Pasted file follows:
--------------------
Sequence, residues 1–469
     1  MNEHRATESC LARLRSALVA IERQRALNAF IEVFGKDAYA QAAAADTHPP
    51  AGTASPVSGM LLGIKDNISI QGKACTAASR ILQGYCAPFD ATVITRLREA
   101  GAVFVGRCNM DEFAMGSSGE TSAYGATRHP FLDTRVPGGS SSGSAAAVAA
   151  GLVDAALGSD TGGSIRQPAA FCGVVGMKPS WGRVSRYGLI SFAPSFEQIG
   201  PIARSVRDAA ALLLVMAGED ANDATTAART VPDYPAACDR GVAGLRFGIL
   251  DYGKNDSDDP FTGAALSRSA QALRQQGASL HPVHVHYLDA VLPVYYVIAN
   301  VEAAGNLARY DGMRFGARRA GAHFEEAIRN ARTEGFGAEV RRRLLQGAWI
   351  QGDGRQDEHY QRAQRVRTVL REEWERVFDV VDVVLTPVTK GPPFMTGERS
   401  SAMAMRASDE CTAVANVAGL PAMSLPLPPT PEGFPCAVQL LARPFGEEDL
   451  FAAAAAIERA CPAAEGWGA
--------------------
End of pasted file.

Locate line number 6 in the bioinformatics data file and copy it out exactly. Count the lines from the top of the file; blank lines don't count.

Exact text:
   201  PIARSVRDAA ALLLVMAGED ANDATTAART VPDYPAACDR GVAGLRFGIL